It has two power consumption profiles, MAX and ECO. From what I can tell, ECO just runs the compressor at a slower speed...and in the grand scheme of things doesn't appear to be much more economical (I suspect it is actually less but did not run many tests in both modes)...it just limits the max power it can consume at any one point in time (I assume it runs longer to reach/maintain a given temperature).
In MAX mode, I saw power usage when the compressor was running between 37 and 57 watts with the large majority of that between 38 and 42 watts. If you assume no loss in the transformer, that max range would be 3 to 4.75 amps at 12 v DC nominal. So, actual DC usage would again likely be less.
In ECO mode, I saw power usage between 35 and 42 watts with the majority between 30 and 35 watts. Again converting to 12v DC and assuming no loss, that would be between 2.75 and 3.5 amps.
Over a 72 hour and 24 minute period, the KillAWatt reported 1.89 kw of power used from a point where I turned the cooler on after it was at room temperature of 77F, set it for -3F in Max mode and placed the frozen jug of water in it. During this time I made ice using two regular refrigerator ice trays 3 times and checked the internal thermometer readings twice a day and noted any differences between what the display read and what the thermometer said. I figure this activity would roughly equate to normal usage of a freezer. 1890 watts over 72.4 hours is 26.1 watt/hours. At 12.5vdc (~12v nominal in ~80% charged state) that would be 2.09 amp/hours or around 50.2 amps per day as a freezer. I assume power consumption would be less if being used at refrigerator temperatures.
If I were to take a guess, I'd say that the power transformer brick is probably in the 80% efficient range...so the 12v DC numbers above would make for a very conservative over estimation of actual power used when directly connected to a DC source. Unfortunately, I just don't have the means to run this test using the direct DC connection.
The last test I ran was to see how long it would keep contents cool without power. So, when the cooler was reading -1F and the internal temperature was reading 5F, I placed the frozen jug of water and thermometer in the cooler, let it sit for a few minutes to stabilize, and then turned it off. I then turned it back on momentarily after an hour and the display claimed the temperature had jumped to 24F. Another hour later, I checked again and it claimed the temperature was 29F. Another 45 minutes later, I checked again and it was up to 34F. At this point I opened up the cooler to check the thermometer and it read 42F. Not the 10 hours from 0 to 34 that the original listing stated, even when having the frozen block of ice in the milk jug helping out. The initial jump may have been related to opening the cooler when putting the ice jug into the cooler and the fact the ice jug was stored in my boat freezer at 18F...but the rise still seems faster than it should, again indicating the insulation isn't optimal.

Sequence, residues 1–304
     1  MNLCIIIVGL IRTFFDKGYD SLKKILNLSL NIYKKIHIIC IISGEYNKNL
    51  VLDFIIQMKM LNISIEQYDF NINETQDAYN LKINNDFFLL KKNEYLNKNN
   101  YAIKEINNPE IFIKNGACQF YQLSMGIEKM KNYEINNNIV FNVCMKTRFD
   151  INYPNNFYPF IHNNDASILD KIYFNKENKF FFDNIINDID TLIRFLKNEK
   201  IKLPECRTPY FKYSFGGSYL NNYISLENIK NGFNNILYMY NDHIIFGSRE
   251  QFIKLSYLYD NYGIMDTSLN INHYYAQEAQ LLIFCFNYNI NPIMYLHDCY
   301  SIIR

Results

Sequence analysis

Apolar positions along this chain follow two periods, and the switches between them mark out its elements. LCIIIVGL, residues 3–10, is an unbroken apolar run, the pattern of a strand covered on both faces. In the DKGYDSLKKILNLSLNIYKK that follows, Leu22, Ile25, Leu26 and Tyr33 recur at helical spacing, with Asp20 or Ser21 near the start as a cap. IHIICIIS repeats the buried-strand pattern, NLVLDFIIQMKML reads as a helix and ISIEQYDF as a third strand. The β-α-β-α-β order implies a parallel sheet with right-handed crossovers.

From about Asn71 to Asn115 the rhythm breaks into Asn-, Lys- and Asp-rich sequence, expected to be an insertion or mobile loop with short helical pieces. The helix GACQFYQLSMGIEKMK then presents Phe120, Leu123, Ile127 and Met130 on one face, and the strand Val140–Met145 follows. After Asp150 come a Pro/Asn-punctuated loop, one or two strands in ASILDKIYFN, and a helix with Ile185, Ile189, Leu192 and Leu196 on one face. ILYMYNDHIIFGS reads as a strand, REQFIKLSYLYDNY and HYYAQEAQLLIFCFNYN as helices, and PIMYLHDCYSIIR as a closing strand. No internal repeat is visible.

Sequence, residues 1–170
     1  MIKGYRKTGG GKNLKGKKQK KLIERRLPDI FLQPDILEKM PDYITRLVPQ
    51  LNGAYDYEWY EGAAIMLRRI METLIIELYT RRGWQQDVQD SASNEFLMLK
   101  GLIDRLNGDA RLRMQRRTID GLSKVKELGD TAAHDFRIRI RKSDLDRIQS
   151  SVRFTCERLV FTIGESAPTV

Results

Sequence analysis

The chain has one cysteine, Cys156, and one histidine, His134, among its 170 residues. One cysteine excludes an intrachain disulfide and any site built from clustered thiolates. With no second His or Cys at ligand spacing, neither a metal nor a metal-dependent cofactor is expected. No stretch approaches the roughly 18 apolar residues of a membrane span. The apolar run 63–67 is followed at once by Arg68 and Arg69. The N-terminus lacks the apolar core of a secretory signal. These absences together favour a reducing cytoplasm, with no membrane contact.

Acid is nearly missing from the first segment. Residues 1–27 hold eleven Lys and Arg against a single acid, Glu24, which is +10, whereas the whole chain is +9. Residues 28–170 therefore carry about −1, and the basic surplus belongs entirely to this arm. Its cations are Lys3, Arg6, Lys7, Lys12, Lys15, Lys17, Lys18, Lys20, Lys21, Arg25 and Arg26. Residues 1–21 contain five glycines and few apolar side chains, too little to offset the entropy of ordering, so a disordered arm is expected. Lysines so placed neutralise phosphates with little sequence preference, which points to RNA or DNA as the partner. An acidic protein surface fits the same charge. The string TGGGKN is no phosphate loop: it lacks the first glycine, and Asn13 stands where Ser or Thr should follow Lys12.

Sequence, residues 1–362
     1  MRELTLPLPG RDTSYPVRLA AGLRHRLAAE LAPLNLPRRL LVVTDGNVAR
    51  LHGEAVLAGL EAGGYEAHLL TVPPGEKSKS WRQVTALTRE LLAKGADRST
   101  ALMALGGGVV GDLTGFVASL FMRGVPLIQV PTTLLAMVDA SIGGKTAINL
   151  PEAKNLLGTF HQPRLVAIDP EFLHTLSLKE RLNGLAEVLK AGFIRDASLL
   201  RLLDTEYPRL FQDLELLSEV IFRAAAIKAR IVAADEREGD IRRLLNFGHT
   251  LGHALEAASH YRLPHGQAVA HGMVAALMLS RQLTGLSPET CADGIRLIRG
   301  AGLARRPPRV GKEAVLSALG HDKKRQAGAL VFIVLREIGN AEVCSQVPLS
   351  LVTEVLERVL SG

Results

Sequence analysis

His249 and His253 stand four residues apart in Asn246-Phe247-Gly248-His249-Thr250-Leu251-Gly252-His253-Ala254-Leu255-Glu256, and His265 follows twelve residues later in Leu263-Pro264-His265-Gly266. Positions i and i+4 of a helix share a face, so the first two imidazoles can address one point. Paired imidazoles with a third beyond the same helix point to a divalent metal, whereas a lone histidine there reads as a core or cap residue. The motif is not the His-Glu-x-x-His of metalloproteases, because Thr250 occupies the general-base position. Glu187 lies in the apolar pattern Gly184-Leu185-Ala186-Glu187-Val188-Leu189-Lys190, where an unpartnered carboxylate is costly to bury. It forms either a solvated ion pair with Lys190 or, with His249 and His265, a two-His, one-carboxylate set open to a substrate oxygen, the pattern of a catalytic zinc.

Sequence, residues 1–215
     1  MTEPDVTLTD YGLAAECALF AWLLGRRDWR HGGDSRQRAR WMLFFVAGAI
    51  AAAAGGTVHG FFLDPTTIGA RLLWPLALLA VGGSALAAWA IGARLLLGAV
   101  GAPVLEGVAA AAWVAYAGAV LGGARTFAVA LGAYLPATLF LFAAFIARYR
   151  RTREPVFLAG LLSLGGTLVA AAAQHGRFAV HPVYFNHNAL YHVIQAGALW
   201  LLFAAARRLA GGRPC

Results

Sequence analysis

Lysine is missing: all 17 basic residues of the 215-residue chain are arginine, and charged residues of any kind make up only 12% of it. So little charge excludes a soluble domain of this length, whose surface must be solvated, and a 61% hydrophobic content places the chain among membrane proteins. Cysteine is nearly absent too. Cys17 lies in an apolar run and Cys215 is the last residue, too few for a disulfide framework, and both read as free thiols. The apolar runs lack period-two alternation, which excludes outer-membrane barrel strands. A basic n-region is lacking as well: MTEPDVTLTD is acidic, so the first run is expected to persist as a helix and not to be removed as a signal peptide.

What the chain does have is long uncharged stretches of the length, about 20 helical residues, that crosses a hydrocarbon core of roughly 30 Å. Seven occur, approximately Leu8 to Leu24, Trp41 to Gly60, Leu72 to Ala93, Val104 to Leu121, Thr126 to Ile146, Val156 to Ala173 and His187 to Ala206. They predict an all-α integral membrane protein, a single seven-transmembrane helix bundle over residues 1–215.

So, from an energy use standpoint, this portable refrigerator/freezer doesn't seem bad. Yes, it may be a bit higher than the really expensive ones, but it meets my needs quite well.
Now, didn't I mention ice cream? Well, I did perform an ice cream test. After the initial testing, I plugged the unit directly into one of the boats new DC sockets and set the refrigerator to -2F. I bought a half-gallon (OK, 3 pints...since you can't get an actual half gallon of cheap ice cream these days) of house brand rocky road for the final test. Over the course of the next week or so, I had ice cream as desert after dinner. The ice I made for drinks was the other item normally in this unit. In my regular boat refrigerator, if you put ice cream in the freezer it wold be OK the first evening, soft serve the second evening, and a milk shake by the 3rd. With this unit, the ice cream remained frozen and at a serving temperature of about 4 degrees F over the course of a week.
Other observations about the unit. So far it seems quiet. I can just hear it if it is the only thing running on the boat. But if there is any other ambient noise, it drowns out the quiet hum of the compressor. It sits just outside the always open door to my berth and I cannot hear it at all inside the berth. That makes it quite a bit less noisy than the small bar refrigerators like you usually find in hotel rooms. When acting as a freezer, some condensation does occur on the sides and bottom of the unit, so the insulation isn't perfect. As previously mentioned, the lid seal seems to have a very small leak right at the opening handle notch as ice slowly develops there. I notice that when I place items in the lower left corner of the chamber (as viewed looking down from the front of the unit) the displayed temperature tends to quickly jump, so I believe this is the general location of the internal thermometer.
And speaking of the thermometer...at the temperatures I was testing, I found the internal chamber temperature measured with a thermometer at roughly the center of the chamber to be about 5 to 7 degrees higher than what was displayed by the unit. This is not unexpected and, as anyone that has ever used a refrigerator that doesn't have a fan to circulate the air will know, is quite normal.
Is the unit as good as the much more expensive Engel or Dometic units, probably not. But it does meet my needs and at a much more wallet friendly price. Longevity is still a question, but if it lasts a while, I think it will make a nice addition to the boat. I do really like having the ability to pre-chill leftovers before putting them in the boat freezer, having plenty of ice for drinks, and of course ice cream on board. Now that I can make ice and store ice cream, I might have to give one of those ice cream maker balls a try.